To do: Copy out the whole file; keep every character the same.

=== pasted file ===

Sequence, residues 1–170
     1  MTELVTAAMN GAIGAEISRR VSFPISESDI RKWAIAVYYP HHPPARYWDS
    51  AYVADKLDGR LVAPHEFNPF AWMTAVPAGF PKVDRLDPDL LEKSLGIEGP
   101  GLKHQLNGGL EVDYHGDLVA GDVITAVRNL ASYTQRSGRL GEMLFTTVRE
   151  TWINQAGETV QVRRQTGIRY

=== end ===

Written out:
Sequence, residues 1–170
     1  MTELVTAAMN GAIGAEISRR VSFPISESDI RKWAIAVYYP HHPPARYWDS
    51  AYVADKLDGR LVAPHEFNPF AWMTAVPAGF PKVDRLDPDL LEKSLGIEGP
   101  GLKHQLNGGL EVDYHGDLVA GDVITAVRNL ASYTQRSGRL GEMLFTTVRE
   151  TWINQAGETV QVRRQTGIRY